The Carvalhos are considering a plan to admit all families free of charge and asking for donations. “Some people may be under the impression that we’re financially assisted by the province or by the church,” Victor said. “By considering donations approach, we’re hoping to emphasize that this is not a subsidized operation.”
In the winter season, visiting families stay with host families in nearby Barrie. The admission fee normally charged for campground use is passed on to the host families to cover expenses, although the Carvalhos provide meals for Catholic Family Weekend participants.
Another unique feature of the camp is the Festival for Life held in July. This weekend-long event includes Mass (prayer and worship for non-Catholic participants), reflection on the plight of the unborn, guest speakers, workshops and a candlelight vigil at the Unborn Park. Often the proceeds from the Festival of Life go in support of Ontario pro-life organizations.
The Carvalhos have scheduled a Christmas party for Jesus on Sunday, December 8. Instead of receiving gifts, partygoers are asked to bring a Christmas gift for Santa Claus, who then presents them to needy families. SCC will also be the site for an outdoor New Year’s party, December 31.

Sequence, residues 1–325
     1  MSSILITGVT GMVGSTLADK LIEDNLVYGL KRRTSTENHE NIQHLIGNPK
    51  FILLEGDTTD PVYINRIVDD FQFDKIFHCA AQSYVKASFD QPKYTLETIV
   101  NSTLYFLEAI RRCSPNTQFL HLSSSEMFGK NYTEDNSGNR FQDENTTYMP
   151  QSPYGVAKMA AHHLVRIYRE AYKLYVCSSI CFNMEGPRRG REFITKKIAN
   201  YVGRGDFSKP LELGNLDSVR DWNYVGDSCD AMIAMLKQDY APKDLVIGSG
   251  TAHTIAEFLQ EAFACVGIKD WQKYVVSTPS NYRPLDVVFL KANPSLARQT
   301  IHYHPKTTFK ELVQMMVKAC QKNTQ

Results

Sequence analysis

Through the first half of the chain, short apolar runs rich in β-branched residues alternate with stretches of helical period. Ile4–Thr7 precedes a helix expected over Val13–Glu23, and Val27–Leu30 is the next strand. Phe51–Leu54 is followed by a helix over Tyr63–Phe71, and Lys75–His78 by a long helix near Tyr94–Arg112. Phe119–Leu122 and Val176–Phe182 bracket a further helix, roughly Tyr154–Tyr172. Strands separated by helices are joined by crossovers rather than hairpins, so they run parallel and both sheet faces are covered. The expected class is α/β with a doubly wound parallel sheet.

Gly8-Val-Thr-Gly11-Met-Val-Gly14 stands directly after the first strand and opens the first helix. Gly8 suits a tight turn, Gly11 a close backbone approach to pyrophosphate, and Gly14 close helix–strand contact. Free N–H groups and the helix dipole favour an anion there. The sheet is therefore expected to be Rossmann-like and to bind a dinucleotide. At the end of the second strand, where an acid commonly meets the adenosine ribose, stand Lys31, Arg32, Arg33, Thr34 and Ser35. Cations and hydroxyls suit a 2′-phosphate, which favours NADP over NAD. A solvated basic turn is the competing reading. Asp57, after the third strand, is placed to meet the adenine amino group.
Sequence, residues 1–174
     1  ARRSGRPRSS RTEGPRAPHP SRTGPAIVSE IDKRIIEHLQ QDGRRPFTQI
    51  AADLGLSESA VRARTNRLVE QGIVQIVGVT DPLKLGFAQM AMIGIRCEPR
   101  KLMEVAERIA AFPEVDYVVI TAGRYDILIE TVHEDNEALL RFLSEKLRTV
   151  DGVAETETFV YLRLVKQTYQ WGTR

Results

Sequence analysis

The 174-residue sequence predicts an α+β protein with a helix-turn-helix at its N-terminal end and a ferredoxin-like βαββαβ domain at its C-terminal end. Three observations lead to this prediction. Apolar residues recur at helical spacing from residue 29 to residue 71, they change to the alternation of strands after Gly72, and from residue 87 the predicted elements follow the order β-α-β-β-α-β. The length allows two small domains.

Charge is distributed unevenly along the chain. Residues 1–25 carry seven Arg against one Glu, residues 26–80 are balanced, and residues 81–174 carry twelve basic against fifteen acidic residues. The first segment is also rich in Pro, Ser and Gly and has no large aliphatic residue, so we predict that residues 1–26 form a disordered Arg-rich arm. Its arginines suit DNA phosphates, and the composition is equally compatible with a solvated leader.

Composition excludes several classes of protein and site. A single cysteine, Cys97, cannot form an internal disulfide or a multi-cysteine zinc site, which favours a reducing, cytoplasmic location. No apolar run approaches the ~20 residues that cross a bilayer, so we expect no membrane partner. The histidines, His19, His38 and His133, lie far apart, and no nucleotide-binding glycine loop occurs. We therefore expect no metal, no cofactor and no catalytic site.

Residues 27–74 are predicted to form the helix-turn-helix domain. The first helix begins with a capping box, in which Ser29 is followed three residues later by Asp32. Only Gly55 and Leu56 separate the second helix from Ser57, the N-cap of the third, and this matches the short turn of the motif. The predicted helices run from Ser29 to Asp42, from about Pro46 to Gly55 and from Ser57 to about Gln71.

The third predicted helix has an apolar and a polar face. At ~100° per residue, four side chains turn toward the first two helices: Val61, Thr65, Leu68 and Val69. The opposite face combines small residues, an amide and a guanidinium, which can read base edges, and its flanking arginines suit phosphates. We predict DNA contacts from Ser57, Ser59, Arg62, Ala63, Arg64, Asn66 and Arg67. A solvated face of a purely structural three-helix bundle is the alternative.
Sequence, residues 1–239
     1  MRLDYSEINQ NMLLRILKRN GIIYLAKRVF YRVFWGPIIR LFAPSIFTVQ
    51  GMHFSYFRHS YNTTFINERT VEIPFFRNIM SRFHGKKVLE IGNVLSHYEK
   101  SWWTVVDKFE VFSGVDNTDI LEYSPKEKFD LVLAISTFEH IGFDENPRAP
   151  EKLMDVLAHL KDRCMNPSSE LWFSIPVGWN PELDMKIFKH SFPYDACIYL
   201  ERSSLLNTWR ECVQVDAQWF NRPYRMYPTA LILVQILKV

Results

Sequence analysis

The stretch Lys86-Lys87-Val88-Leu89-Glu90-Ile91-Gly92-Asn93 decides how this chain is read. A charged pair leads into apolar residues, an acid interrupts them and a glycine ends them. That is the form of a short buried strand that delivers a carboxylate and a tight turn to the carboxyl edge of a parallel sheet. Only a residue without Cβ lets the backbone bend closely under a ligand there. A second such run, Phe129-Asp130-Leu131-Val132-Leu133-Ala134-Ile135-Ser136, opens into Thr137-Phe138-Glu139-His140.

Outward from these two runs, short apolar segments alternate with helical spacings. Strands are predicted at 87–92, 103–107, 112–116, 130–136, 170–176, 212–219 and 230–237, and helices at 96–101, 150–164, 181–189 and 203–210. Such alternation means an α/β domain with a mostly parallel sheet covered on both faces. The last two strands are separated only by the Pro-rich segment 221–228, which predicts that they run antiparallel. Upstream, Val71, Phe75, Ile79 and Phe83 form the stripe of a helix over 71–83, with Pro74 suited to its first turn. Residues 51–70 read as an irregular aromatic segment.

While there are no guarantees as to the viability of Springwater, the Carvalhos are determined to stick to their guns. “There are so few places where families can come together in a Catholic-Christian environment,” Victor said. “We realized we would be taking a big risk, but we figured that God had given us this opportunity, it was up to us to make it work.”
For more information about Springwater Christian Campground, write SCC, R.R.2, Minesing, Ontario, L0L 1Y0, or call toll-free 1-800-843-6013. The Carvalhos are also on the Internet and can be contacted at their website address, email@example.com.